Colloquium: J. Roger P. Angel

    Thursday, April 23, 2015 - 3:30pm - 5:00pm
    Meinel 307

    "Focusing Optics for Solar Energy"


    This talk will explore the potential for solar energy to become the main source of electricity worldwide. Today, nearly all solar electricity is made by flat photovoltaic panels. This is a successful and rapidly growing $100 billion industry, but yet accounts for less than 1 percent of global electricity production. Its main present limitations are intermittency and low conversion efficiency.

    Intermittency may be overcome by storing solar energy as heat, for later conversion to electricity by electromechanical means. Present solar thermal storage plants are on a very large scale, concentrating approximately 1,000,000 square meters, and are not very efficient. Angel's group is exploring a new optical configuration that promises higher concentration and temperature (for high Carnot conversion efficiency) at moderate cost, at a unit scale of approximately 1,000 square meters.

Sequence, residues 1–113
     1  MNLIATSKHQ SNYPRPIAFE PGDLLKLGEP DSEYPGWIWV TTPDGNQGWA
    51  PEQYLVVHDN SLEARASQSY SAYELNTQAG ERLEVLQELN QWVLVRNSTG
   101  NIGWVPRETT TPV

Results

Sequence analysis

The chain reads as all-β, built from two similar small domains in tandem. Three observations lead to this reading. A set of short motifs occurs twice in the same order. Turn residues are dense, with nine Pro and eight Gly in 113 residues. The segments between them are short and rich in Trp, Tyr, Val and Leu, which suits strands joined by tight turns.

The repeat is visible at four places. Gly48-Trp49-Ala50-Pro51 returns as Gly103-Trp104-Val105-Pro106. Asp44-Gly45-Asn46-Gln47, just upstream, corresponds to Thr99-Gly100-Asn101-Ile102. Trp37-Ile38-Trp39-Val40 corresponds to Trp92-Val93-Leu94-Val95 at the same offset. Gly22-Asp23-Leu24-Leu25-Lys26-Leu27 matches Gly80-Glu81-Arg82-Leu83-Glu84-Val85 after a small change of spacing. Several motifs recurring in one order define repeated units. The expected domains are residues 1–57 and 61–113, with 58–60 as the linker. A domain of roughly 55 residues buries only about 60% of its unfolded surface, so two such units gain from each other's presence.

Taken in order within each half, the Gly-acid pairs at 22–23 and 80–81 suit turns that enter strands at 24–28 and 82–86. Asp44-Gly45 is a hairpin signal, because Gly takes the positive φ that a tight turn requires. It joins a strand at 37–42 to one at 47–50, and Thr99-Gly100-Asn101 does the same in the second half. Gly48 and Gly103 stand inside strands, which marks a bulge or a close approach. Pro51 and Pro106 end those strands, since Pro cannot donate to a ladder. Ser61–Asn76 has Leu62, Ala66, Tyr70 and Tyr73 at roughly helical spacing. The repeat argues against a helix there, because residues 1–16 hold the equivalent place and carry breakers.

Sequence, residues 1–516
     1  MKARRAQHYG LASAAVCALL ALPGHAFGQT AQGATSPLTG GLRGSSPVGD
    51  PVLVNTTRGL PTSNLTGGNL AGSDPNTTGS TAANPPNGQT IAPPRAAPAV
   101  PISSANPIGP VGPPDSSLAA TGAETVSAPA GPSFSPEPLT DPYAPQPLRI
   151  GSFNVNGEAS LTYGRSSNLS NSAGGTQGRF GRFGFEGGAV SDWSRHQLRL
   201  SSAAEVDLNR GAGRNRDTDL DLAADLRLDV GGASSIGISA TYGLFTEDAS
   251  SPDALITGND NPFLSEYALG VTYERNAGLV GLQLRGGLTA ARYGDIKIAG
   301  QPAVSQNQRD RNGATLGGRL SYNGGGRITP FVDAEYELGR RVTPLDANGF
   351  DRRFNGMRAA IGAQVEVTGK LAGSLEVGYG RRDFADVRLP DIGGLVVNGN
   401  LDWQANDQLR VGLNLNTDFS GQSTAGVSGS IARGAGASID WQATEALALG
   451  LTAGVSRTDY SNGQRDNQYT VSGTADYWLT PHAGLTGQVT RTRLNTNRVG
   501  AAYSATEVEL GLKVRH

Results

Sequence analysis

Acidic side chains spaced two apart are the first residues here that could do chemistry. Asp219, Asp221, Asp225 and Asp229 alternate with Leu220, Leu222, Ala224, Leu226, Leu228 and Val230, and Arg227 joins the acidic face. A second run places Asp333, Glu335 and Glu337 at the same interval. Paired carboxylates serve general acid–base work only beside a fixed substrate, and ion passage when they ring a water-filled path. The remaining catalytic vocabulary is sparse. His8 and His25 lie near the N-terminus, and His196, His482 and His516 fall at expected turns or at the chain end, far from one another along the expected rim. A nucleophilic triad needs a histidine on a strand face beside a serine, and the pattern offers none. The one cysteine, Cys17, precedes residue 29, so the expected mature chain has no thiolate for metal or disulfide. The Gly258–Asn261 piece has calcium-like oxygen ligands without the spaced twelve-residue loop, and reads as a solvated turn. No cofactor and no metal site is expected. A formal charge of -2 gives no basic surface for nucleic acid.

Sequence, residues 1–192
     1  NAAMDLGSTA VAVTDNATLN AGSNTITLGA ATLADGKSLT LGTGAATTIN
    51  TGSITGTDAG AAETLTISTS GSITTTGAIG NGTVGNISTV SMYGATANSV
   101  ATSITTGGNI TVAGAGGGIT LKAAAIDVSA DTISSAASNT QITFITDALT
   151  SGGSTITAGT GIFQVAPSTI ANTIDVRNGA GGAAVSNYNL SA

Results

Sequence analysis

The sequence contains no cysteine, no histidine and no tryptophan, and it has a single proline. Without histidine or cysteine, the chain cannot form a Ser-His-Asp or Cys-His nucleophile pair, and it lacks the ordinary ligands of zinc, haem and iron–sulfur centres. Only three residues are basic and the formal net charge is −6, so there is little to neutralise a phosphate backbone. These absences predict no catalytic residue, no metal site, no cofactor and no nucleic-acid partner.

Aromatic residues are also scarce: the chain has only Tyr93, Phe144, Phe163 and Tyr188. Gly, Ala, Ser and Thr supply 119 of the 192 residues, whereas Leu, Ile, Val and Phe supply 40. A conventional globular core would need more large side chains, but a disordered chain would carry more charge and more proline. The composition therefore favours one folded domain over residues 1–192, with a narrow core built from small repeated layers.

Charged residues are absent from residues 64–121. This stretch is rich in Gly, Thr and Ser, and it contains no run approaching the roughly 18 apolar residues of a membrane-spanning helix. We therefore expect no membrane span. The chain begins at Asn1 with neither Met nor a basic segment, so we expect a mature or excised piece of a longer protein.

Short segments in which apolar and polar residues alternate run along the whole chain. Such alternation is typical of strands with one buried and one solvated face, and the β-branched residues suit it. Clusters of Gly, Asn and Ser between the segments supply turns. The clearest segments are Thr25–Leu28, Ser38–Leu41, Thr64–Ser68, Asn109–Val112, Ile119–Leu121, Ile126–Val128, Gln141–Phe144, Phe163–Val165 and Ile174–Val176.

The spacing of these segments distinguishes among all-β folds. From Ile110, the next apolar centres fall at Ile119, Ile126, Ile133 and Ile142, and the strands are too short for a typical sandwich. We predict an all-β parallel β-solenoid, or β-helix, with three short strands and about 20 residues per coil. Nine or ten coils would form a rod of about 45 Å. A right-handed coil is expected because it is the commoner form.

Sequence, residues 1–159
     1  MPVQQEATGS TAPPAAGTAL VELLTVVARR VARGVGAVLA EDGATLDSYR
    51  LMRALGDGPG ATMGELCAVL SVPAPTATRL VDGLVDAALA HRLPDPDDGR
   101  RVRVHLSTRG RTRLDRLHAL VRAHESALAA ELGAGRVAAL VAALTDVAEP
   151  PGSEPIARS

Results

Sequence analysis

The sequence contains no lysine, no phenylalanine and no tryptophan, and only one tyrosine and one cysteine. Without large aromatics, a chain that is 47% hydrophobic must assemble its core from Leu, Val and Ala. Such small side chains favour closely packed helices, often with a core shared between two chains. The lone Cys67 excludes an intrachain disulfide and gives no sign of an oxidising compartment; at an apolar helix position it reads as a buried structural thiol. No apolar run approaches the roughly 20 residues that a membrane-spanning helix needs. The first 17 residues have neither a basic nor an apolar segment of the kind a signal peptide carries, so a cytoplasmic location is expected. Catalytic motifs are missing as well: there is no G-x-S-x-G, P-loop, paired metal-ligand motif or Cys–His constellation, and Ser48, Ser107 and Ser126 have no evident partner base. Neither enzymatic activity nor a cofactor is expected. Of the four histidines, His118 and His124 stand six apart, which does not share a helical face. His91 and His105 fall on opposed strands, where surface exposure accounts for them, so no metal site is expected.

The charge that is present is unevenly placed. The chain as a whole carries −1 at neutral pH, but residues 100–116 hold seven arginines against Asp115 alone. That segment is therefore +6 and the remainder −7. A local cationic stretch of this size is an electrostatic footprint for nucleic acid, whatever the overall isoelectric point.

The low 20-percent conversion efficiency of single bandgap photovoltaic cells, such as silicon, to the broad solar spectrum may be overcome by using multijunction photovoltaic cells with 40-percent conversion efficiency. These cells, developed for space solar power, are approximately 100 times more expensive per unit area than silicon photovoltaic panels, but used in 1,000-times focused light become 10 times less expensive per unit of output power. Angel's group is developing inexpensive concentrating optics using large sagged glass mirrors to exploit these cells for lower-cost, higher-efficiency photovoltaic plants.

    Speaker Bio(s): 

    J. Roger P. Angel is a Regents’ Professor of astronomy and optical sciences at the University of Arizona. He is a member of the National Academy of Sciences, a fellow of the Royal Society, a former MacArthur Fellow and the founder and CTO of REhnu. He developed concepts, technology and manufacturing facilities to make the largest and most powerful astronomical telescope mirrors. Today he is working on novel approaches to harvesting solar energy using large, mass-produced, self-supporting glass mirrors.